Interfaith Council of Plattsburgh and Clinton County

The Plattsburgh Interfaith Food Shelf is located at the rear of the Plattsburgh United Methodist Church, 127 Beekman St. Hours are: Monday 9 a.m. — Noon, Tuesday, 9 a.m. — Noon, Wednesday 9 a.m. — Noon, Thursday 9 a.m.- Noon, Friday 9 a.m.-Noon and 4-6 p.m. The pantry is closed on Saturday and Sunday. Phone: 518-562-3663.

PLATTSBURGH — The Plattsburgh Interfaith Food Shelf has seen an increase of clients in the first quarter of 2023 relative to last year.

“Looking at January and February, we had approximately 300 more households coming in requesting food, which resulted in about 700 more people that we served,” Dorothy Latta, Food Shelf coordinator, said.

“I was a little surprised because February we had a couple of snow days and we were closed, but we still ended up with more people than last year.”


One thing Latta is keeping an eye on is the SNAP benefits, Supplemental Nutrition Assistance Program, formerly called Food Stamps.

“The SNAP benefits during the pandemic, there was supplemental assistance given to people to help out during that time,” she said.

“Those benefits ended up in February of this year by federal mandate. Now, New York State did give one month extra assistance. We know just from historic data that a good number of our clients do receive these SNAP benefits.

“One thing that is going to happen for people is that these pandemic benefits started, I believe, it was in March of 2020. They have had this extra assistance, it’s like a bonus. They’ve had this and the bonus is no longer going to be there.”

People are going to get the impression that their SNAP benefits have been cut.

“They really weren’t cut,” she said.

“They just went back to not having the bonus anymore. People had them for a couple of years, you know, this extra money. With the cost of food having gone up so much what they used to get isn’t going to buy the same thing now that it might have when they had their original assistance.

“These supplements were really pretty substantial. Looking up some numbers that I saw, over half of the people the benefits were around $180 a month extra. This ‘bonus money’ or supplement kind of ranged between $95 and $400 for people. Then, they had it for a couple of years.”

Latta anticipates a hard hit for people who were used to having bonus assistance.

“Now with the increased cost of food, that’s going to be a major adjustment for them purchasing food,” she said.

“So we’re kind of keeping our eye on that with the anticipation that a number of people in the community are really going to find the assistance they had received for food is not going to be there anymore. We anticipate that the numbers may increase.”


In terms of the organization’s operation, the Food Shelf’s biggest challenge right now is the cost of food.

“We order the majority of our food from the Regional Food Bank (of Northeastern New York) in Latham,” she said.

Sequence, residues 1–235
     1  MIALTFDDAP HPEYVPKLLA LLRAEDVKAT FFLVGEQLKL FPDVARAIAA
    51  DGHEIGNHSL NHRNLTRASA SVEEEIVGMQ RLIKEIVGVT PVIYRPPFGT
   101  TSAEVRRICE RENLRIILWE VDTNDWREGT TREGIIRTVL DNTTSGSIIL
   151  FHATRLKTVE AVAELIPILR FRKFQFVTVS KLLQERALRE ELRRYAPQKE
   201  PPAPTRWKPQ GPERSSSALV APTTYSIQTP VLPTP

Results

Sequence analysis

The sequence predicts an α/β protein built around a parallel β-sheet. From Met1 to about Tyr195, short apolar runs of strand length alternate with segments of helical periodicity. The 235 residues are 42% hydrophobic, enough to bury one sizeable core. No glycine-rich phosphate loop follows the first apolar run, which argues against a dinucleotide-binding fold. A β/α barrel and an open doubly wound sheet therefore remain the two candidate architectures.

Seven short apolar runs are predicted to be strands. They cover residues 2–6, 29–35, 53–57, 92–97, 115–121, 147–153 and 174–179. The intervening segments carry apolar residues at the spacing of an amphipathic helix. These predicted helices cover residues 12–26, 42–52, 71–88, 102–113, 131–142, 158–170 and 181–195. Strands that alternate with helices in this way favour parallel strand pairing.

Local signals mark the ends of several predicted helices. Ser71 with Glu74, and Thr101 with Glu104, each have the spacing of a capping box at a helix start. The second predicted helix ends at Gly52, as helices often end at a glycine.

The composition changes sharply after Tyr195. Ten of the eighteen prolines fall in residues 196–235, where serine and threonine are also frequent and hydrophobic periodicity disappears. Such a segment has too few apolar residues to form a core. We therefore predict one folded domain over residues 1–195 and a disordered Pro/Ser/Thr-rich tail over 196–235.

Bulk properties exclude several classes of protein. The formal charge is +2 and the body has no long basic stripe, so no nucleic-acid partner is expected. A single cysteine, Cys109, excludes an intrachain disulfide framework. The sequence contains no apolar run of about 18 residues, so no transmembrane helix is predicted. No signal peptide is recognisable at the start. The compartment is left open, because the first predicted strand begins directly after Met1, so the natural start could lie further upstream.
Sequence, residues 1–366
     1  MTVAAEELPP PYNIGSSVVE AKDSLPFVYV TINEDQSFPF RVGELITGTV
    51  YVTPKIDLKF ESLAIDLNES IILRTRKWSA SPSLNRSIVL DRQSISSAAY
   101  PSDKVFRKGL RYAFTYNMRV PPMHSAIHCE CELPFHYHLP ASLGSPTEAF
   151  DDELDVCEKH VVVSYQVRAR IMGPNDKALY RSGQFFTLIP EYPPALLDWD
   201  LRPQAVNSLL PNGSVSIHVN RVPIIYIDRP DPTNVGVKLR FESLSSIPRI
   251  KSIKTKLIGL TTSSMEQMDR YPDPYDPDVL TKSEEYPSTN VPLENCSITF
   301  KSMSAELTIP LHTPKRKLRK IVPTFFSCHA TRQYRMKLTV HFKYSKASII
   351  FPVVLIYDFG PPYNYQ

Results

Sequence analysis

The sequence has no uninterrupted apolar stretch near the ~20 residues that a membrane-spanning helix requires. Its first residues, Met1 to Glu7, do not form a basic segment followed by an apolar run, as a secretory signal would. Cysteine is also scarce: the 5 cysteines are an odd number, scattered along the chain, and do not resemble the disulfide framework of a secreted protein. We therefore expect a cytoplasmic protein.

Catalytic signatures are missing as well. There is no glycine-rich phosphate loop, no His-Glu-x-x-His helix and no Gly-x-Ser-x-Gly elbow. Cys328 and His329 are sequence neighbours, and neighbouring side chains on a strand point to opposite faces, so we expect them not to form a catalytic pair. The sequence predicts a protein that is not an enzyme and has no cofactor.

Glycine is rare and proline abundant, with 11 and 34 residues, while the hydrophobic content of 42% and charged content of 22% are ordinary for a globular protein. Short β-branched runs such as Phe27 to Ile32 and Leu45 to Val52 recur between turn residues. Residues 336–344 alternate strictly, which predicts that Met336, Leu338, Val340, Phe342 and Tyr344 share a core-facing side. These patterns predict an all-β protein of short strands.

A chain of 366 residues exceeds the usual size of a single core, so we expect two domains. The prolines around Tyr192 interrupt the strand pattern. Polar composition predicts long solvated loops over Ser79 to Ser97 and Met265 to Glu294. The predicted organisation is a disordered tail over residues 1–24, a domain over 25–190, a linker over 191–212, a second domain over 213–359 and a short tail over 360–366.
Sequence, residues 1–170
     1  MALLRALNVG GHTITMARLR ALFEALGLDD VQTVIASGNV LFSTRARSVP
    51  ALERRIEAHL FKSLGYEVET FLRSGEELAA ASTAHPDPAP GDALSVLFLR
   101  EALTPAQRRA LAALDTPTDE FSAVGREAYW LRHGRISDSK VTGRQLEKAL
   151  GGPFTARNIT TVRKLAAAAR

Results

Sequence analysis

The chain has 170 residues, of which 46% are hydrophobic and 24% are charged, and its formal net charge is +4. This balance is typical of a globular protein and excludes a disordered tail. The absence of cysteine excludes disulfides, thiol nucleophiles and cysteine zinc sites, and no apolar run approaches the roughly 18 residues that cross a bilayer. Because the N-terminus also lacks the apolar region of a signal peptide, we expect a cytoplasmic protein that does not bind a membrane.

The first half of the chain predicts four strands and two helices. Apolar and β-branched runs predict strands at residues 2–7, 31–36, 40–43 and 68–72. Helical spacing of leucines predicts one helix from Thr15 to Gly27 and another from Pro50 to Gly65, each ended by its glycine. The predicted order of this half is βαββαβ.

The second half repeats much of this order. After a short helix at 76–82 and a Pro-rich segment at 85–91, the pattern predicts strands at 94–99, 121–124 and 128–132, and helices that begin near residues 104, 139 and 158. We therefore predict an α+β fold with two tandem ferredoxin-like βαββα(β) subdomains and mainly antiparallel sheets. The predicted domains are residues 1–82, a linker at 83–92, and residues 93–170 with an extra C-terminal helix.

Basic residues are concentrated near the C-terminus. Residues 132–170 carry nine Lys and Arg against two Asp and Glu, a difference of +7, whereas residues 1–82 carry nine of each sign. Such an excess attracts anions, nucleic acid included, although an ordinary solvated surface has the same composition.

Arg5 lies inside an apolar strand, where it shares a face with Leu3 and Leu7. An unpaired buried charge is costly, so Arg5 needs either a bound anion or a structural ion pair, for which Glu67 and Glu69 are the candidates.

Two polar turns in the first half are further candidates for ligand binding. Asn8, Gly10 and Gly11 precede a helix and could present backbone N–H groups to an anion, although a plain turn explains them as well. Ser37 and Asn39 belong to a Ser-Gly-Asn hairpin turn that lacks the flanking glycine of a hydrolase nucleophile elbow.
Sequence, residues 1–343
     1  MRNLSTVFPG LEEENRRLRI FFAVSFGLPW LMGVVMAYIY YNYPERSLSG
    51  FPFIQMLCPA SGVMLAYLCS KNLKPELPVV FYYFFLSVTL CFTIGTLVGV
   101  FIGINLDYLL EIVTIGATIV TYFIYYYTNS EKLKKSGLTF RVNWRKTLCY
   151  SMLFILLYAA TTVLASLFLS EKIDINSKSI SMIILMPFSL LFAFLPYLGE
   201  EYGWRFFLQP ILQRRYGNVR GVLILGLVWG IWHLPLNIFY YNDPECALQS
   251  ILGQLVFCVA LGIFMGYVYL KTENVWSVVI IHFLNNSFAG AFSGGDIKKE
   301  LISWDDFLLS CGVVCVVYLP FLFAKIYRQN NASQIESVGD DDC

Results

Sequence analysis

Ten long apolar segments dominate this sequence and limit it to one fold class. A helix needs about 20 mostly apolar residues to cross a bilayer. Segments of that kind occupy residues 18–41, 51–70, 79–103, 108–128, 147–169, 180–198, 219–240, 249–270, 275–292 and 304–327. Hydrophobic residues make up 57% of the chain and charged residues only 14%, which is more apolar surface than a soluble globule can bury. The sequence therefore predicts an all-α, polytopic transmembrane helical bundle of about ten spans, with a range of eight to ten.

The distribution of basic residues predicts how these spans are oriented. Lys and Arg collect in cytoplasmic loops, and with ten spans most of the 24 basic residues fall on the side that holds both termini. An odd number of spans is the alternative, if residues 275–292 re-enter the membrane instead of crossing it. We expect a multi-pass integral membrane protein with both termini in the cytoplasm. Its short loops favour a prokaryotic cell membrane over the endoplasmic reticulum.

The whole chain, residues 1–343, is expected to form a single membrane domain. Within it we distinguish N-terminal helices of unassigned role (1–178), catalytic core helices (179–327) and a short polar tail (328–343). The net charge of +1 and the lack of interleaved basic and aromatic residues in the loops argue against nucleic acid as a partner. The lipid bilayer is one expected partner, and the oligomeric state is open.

“Because we are a member of this group, we also are eligible to receive food at no cost that is supplied through the USDA. Because we get this ‘free food’ that brings down the average cost of food. We order 20,000 lbs, and some of it’s free. Before 2020, our average cost of food was somewhere between 35 cents and 50 cents a pound. It got diluted out a bit by this free food. Over the last year or so, the amount of food that was provided through USDA that disappeared. There was not very much. Last year in 2022, the average cost of food for us was over a $1 a pound. Instead of paying 45 to 50 cents a pound, we were paying $1 a pound.”

Through the end of January/February, the Food Shelf ordered 39,000 pounds of food.

“We typically order about 24,000 to 26,000 pounds a food a month,” she said.

“The average cost this year for us has been about 98 cents a pound. We are paying almost double what we paid a few years ago for food. That’s related to not only not having available this ‘free USDA food,’ but also the supply chain. The cost of food has just gone up as everybody knows. So from a financial standpoint, I would say that is our biggest challenge right now.”

In 2022, the Food Shelf’s expenses exceeded its income by $135,000.

“We’re very fortunate because a lot of people in the community made very generous donations,” she said.

“About 70 percent of our support does come from the local community. It’s not from the government or outside grants. So we really had a nice little reserve of money, and we have been able to continue operating. We’ve had to sort of dig into our resources a little bit, and modify our food distribution somewhat. Yet, we’ve been able to continue to serve everybody that comes through our door.”

Other area food pantries include the Salvation Army, St. Joseph’s Outreach and JCEO. (SEE BOX)

“We are not in competition with them for serving people,” Latta said.

“We have a really nice relationship that if they get donations of food, maybe more than they can use at a time, they call us. We share with each other.”

The Grateful Fed was held several years until the pandemic crested.

“There was some discussion about doing it this year,” she said.

“The Grateful Fed, in previous years, was really an opportunity not as a route to raise money but to say thank you to the community.

“We did this as an event with entertainment, and people coming, and free admission. People did donate or bring food, but our main purpose was to say thank you to the community. We have not been able to do that in the last few years.”



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Staff Writer

Robin Caudell was born and raised on Maryland’s Eastern Shore. She holds a BS in Journalism from the University of Maryland, College Park and a MFA in Creative Writing from Goddard College. She has worked at the Press-Republican since 1990

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